However, pension plans – workplace or personal – remain the most cost-effective way to save for old age, even if that means cutting back on more immediately gratifying spending to free up the cash.
Mr Scott explained: "You get tax relief on your contributions at your highest rate and the funds are invested in a tax-efficient environment."
An employee on the UK median salary of £26,200 who signed up this week for the legal minimum contributions would benefit from £6000 in employer contributions and Government tax relief into their pension pot if they stayed enrolled for 10 years, Fidelity International said this week.
But even staying enrolled from age 20 for 46 years would only produce a monthly pension income of £471, according to advisers AWD Chase de Vere.
Paying in for the same period from age 30 would deliver £292 a month in retirement.
Jon Dixon at AWD said: "While auto- enrolment could provide a great foundation for people's retirement planning, it is unlikely to give them the standard of living they would want in retirement... they must also look to make additional pension contributions and to invest regularly in cash and/or stocks and shares Isas."
How much should your workplace pension cost? Labour leader Ed Milliband this week launched an attack on pension charges, saying they need to come down to below 1%. National scheme Nest, however, levies an annual management charge of 0.3% on members' total funds under management, plus a charge on contributions of 1.8% as they are made, which works out as broadly equivalent to 0.5% for most savers – similar to the low charges currently enjoyed by members of large workplace schemes.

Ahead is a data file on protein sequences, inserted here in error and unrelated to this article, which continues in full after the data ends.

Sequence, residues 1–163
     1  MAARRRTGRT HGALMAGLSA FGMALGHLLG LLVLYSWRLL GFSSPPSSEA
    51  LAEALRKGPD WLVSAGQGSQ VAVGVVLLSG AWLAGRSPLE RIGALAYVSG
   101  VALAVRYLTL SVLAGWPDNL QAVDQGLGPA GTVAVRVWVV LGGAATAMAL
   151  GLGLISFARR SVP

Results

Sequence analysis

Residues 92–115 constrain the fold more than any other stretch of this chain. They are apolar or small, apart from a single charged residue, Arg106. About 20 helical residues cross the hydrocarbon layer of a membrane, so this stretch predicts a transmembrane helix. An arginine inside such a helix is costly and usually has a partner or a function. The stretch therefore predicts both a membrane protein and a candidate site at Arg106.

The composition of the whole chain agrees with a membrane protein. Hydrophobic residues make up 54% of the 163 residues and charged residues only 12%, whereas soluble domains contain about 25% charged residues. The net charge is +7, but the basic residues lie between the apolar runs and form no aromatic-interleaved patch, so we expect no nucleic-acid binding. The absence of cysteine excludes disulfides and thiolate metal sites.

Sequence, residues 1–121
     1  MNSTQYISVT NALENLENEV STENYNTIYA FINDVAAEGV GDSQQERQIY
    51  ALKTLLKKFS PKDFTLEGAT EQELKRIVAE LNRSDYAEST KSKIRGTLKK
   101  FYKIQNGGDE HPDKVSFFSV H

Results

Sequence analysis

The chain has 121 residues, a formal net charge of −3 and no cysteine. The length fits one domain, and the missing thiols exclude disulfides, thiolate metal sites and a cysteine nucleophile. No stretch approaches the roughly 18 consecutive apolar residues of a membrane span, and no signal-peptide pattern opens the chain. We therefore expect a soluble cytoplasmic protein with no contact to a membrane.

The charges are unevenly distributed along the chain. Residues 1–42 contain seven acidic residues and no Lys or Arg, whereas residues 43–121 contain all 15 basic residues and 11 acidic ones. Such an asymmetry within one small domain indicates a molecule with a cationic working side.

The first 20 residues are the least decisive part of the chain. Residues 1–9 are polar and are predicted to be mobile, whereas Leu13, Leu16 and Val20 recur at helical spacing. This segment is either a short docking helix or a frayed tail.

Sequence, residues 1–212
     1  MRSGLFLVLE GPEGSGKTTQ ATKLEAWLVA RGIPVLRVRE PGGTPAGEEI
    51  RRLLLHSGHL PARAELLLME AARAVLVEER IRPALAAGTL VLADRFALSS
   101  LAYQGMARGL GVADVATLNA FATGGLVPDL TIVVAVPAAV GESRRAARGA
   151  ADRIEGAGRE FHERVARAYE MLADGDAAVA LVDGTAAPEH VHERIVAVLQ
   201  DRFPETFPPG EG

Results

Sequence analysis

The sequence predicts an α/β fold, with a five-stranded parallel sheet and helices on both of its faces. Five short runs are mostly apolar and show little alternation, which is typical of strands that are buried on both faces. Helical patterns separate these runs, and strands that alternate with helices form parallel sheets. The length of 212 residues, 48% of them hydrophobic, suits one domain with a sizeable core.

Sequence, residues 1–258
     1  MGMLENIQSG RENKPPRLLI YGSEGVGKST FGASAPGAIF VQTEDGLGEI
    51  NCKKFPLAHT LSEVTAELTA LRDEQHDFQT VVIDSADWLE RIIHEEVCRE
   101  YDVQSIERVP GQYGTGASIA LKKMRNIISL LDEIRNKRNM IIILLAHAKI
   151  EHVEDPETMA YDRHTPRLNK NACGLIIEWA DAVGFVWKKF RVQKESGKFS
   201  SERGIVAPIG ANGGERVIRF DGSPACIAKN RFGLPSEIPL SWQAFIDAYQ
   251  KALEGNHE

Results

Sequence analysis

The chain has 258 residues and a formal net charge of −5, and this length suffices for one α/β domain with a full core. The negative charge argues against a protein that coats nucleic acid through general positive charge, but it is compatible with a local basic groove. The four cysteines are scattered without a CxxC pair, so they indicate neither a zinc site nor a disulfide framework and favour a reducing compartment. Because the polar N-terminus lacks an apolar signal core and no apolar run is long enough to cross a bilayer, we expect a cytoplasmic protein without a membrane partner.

Tom McPhail, pensions expert at brokers Hargreaves Lansdown, said: "Mr Miliband may not be aware the DWP has just published research showing the average charge across a wide range of defined contribution workplace pensions is already below 1% and it is still falling, and that pension charges have less impact on pension payouts than a range of other factors. The most important factor is how much you pay into a pension. If you don't pay enough in, you won't get enough out."
Ghill Donald began paying into personal pension plans for his daughters, Jessica, 15, and Tessa, 10, when falling interest rates slashed the return on their savings accounts.
Mr Donald, who was already paying into his own company plan, took advantage of the fact that non-taxpayers can invest – or have invested on their behalf – up to £2880 a year and still benefit from basic rate tax relief, increasing the value to £3600.
The 49-year-old from Aberlady, East Lothian, explained: "I grew up with the message that saving was a good thing, and I wanted to make sure my girls felt that way too. I realised that if you paid even a small amount into a pension in your teens, after 40 or 45 years you would have something fantastic."
Mr Donald, who owns a marketing agency, initially invested with Scottish Widows but is moving his daughters' cash to Invesco Perpetual in the hope of achieving an even better return.
He added: "The girls are quite sensible and they really like the idea of having their own pensions."